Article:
That's actually my blog post, heh. Like I said, I understand pseudo-telepathy I just can't make heads or tails of the solution on the wiki page. That review was in fact helpful, but I've already read it before.

(I want to update the wiki page but I don't feel confident about doing it because I don't understand what it's saying right now.)

That's actually my blog post, heh. Like I said, I understand pseudo-telepathy I just can't make heads or tails of the solution on the wiki page. That review was in fact helpful, but I've already read it before.

(I want to update the wiki page but I don't feel confident about doing it because I don't understand what it's saying right now.)
Haha, yeah, that's unfortunate.

Looking at your questions again, I think I can actually say something. Bear in mind though, that my answers might be influenced by my lack of knowledge of the problem at hand.
- Am I even right in assuming that the circle-with-X-inside is a tensor product, i.e. <1,2> tensor <3,4> = <3,6,4,8>?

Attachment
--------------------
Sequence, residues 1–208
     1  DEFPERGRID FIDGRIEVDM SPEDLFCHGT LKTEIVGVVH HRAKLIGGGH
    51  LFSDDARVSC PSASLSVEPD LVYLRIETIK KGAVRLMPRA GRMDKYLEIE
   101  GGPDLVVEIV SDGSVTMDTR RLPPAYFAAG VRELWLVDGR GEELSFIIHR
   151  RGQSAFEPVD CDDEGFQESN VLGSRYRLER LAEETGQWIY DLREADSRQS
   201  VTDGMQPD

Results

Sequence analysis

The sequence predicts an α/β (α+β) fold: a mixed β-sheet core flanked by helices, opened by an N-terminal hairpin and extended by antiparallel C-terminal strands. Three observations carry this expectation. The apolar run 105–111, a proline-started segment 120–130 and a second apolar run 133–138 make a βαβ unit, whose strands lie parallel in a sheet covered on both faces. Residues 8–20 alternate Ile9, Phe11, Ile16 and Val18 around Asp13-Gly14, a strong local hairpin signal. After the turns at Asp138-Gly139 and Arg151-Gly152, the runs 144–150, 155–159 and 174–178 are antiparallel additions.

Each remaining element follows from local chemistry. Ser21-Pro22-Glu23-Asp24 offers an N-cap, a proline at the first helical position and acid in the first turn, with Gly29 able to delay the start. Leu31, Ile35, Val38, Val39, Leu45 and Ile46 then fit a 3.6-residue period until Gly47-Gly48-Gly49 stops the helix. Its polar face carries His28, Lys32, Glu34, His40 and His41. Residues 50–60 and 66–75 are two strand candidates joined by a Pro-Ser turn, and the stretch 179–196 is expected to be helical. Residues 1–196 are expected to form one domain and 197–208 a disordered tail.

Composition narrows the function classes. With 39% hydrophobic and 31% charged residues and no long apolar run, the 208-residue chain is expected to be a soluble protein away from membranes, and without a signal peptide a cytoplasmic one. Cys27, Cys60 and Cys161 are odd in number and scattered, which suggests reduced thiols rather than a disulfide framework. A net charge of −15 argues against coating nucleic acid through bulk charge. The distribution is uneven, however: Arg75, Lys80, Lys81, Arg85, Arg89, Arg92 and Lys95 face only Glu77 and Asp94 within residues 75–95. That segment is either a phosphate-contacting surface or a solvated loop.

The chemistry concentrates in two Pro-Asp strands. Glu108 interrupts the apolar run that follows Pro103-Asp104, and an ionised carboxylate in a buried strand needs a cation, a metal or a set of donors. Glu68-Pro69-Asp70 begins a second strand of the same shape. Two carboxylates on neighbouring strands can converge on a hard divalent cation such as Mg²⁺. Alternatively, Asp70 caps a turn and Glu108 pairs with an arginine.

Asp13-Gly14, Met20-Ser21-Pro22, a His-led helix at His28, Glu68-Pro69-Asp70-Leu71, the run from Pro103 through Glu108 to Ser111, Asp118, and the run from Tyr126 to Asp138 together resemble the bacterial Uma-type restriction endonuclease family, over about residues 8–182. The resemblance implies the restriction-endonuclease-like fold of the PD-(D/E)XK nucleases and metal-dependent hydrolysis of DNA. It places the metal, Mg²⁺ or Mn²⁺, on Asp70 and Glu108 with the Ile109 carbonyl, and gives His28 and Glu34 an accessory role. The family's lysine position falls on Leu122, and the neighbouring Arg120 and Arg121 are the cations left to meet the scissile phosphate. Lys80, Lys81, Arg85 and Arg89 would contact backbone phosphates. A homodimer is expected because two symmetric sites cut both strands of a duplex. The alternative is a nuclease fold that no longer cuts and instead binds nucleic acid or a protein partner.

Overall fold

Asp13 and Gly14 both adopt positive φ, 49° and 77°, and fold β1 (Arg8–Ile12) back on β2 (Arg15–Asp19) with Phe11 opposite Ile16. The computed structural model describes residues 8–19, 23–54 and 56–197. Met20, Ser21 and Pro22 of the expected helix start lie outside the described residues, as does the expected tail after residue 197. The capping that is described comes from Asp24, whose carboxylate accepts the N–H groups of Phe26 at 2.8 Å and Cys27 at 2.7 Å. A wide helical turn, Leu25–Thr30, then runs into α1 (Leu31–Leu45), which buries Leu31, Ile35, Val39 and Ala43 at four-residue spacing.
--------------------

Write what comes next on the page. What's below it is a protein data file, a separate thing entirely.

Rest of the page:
I think so. They were certainly meant to be interpreted that way in the original Mermin paper (although he didn't consider it a game).

- If Alice gets row 1, is she computing InputSuperposition * (X tensor I) * (X tensor X) * (I tensor X) on it? What is she computing?
My guess is that she measures/computes what is the eigenvalue for the operator (X tensor I) in the InputSuperposition state for the first element, (X tensor X) for the second element of the row etc. This treatment seems to be consistent with "the paper that the table came from", specifically the second exercise. To be honest, if all they are doing is making measurements on an entangled state, I don't see why this is even considered a "game".